A nation is known by its heroes. And in the Egyptian case there can be no doubt that the choice of Muhammad Ali Pasha as the founder of modern Egypt says many things about how Egyptians chose to understand themselves in the twentieth century. Although neither born in Egypt nor a speaker of Arabic, he can readily be identified as someone who strove to defend the country against outsiders, to build up its power and to develop its economic and administrative resources.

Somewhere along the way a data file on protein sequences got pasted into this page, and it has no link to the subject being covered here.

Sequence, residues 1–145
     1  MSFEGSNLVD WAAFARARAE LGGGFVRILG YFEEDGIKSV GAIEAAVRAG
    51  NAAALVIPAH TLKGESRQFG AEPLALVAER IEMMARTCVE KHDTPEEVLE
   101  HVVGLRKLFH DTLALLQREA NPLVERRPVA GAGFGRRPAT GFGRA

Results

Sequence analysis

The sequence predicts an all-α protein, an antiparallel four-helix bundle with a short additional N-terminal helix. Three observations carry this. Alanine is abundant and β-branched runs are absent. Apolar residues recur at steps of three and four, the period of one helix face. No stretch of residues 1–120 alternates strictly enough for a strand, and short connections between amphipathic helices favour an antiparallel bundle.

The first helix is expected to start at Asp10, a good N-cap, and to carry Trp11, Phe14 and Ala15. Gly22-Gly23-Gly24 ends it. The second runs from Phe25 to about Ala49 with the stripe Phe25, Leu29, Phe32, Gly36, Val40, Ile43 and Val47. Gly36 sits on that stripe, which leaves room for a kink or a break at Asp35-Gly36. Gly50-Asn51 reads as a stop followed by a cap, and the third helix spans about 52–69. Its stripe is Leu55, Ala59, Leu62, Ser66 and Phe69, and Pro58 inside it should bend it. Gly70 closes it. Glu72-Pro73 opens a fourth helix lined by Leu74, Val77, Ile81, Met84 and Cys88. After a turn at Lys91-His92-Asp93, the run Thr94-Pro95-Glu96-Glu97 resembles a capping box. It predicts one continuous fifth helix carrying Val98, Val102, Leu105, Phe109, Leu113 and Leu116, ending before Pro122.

As a result, and regardless of how the enterprise may be judged, the Pasha can rightfully be identified as the creator of the cotton economy and all that went with it in terms of an improved system of irrigation, of large agricultural estates and of the creation of a foreign dominated Alexandria as Egypt's commercial capital. He can also be seen as the author of a centralized system of administration with powers to influence, and often to control, the lives not only of Egypt's urban population but also, through via the medium of the village shaikh or umdah, the country's rural population as well.